Christmas is a significant time of the year in the Philippines. Since Christianity was brought to the Philippines by missionaries from Spain and Portugal, many Philippines have related traditions to those in Europe. For example, most Filipino families have a Christmas tree, and Santa Claus visits good children on Christmas eve. However, they also have developed their traditions for the Christmas season. One example is the Parol. A Parol is a Christmas ornament made of Japanese paper and cellophane on the end of a bamboo pole that lights up and represents the star of Bethlehem. On December 16th, early morning masses called 'Misa de Gallo' or 'Simbang Gabi' in Filipino begin. This is the first of nine pre-dawn ceremonies, the last one being on Christmas Day. After midnight mass on Christmas eve, families and friends return to their homes for a special Noche Buena celebration. The Noche Buena feast often includes Lechon, ham, fruit salad, rice cakes, and steamed rice. The festival doesn’t stop there, though, and the Christmas season ends on the three kings' day. 

Lots of Africans enjoy going caroling on Christmas Eve. When they return, the children put up stockings for Santa Clause, better known in Africa as Sinterklaas or Kersvader. On Christmas morning, the children wake to stuffed stockings and gifts under what is usually a fir Christmas tree if they have one. Many families attend Christmas morning services at local churches. Because of the warm weather in South Africa, many Africans will have a barbeque for Christmas dinner. Some will go camping over the holidays. The most common dishes around the table are turkey, duck, roast beef or suckling pig with yellow rice & raisins and vegetables, Christmas pudding, Malva pudding, and mince pies. Before the meal begins, many families will pull open Christmas crackers.  Like in England, boxing day is a public holiday in South Africa where loved ones exchange gifts.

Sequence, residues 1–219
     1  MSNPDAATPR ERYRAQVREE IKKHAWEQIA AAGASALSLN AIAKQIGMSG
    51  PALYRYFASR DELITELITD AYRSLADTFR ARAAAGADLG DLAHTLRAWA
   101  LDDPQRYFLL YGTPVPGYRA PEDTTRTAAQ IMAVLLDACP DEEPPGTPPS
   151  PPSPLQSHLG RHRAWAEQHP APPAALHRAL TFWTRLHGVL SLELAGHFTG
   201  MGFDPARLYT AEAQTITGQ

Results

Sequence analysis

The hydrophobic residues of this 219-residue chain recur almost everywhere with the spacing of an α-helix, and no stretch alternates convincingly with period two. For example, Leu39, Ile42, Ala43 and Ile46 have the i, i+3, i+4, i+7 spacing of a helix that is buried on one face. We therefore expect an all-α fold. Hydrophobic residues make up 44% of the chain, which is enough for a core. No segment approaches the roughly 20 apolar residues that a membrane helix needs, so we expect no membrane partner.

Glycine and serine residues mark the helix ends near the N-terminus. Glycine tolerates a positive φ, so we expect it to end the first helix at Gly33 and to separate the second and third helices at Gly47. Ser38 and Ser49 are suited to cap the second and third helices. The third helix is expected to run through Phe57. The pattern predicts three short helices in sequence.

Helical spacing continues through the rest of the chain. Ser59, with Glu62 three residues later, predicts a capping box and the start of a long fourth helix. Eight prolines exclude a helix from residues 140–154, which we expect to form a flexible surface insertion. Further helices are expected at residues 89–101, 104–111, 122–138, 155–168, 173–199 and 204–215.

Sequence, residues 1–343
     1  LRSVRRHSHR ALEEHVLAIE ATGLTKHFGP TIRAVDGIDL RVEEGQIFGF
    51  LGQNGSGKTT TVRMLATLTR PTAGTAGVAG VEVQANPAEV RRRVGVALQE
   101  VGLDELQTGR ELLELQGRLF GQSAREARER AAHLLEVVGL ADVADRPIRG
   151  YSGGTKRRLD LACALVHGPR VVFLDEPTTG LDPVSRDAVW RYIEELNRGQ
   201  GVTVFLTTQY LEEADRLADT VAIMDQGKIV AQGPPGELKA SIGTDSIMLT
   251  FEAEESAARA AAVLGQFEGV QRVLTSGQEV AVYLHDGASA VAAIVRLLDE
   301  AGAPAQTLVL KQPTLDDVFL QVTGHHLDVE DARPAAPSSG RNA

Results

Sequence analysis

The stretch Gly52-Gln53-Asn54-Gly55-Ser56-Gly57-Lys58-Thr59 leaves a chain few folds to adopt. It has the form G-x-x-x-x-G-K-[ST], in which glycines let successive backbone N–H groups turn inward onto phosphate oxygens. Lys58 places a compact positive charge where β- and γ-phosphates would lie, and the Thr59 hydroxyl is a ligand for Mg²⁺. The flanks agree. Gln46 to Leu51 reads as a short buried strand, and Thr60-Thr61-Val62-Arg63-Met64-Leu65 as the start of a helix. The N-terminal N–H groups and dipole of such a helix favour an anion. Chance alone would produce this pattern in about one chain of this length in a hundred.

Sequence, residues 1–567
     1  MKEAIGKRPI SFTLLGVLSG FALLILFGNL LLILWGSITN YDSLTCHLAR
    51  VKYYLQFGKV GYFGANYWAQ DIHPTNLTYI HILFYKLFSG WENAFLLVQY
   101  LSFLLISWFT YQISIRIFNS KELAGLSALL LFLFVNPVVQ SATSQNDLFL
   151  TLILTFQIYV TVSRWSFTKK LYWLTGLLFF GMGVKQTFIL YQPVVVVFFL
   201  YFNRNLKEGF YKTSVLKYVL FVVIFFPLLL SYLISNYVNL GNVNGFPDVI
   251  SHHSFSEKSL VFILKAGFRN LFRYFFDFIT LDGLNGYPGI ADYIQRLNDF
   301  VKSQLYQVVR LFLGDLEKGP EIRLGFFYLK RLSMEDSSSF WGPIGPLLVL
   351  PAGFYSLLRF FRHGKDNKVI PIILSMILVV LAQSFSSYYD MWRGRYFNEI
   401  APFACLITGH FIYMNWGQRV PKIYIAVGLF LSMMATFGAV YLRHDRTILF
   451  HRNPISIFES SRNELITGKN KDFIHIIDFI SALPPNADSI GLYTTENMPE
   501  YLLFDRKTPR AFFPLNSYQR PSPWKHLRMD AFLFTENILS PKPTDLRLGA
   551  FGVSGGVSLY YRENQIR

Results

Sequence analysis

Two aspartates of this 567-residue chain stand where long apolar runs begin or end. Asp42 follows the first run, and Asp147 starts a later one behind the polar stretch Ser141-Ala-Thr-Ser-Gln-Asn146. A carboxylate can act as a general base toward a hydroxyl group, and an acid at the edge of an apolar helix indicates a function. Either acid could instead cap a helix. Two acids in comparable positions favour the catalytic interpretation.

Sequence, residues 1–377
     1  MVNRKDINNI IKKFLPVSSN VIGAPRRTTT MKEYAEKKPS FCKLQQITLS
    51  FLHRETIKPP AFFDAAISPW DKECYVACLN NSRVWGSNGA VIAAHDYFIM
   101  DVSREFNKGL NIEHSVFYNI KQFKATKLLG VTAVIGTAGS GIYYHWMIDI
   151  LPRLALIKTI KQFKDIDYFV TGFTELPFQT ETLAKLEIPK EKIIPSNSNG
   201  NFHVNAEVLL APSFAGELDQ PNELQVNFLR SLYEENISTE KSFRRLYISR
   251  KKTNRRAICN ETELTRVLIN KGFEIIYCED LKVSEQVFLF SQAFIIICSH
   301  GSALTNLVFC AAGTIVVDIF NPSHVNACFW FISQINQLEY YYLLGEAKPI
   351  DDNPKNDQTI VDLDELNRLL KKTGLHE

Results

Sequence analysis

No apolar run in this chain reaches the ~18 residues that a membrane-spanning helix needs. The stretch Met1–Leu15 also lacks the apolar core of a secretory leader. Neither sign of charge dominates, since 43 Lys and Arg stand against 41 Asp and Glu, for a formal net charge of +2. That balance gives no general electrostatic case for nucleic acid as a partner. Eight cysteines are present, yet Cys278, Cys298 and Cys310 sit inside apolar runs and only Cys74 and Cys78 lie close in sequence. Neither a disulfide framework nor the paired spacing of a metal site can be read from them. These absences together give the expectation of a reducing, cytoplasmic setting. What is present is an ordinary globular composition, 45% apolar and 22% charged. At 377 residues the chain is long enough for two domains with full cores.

The windows in Australia, just like Ireland, glow with candles on Christmas eve to welcome Mary, Joseph, and Jesus. After the youngest child lights the candle, the festivities begin. Australians gather outside to sing carols by candlelight tradition. As the evening grows late, some families attend Christmas eve service, while others attend midnight mass. No matter their affiliation, families return to their homes decorated with ferns, palm leaves, flowers, and Christmas trees. When the children wake up in the morning, some have received gifts from Father Christmas, while others have received their presents from Santa Clause. After breakfast and presents, many families attend a Christmas morning service then return to organize a meal. For the Australians who prefer an inside dinner, you can find turkey, ham, and plum pudding on the menu; however, due to the warm climate down under, many families in Australia have a barbeque or Christmas picnic. The day after Christmas, Australians celebrate boxing day by giving small gifts to their loved ones and those who have helped them throughout the year, such as the mailman. In Australia, the holiday festivities end on January sixth as the three kings' day concludes the holiday season. 

No matter how or where you spend Christmas this holiday season, the small things like gifts and food don’t matter. What’s important is spending time with your friends and family, now more than ever. Happy Holidays!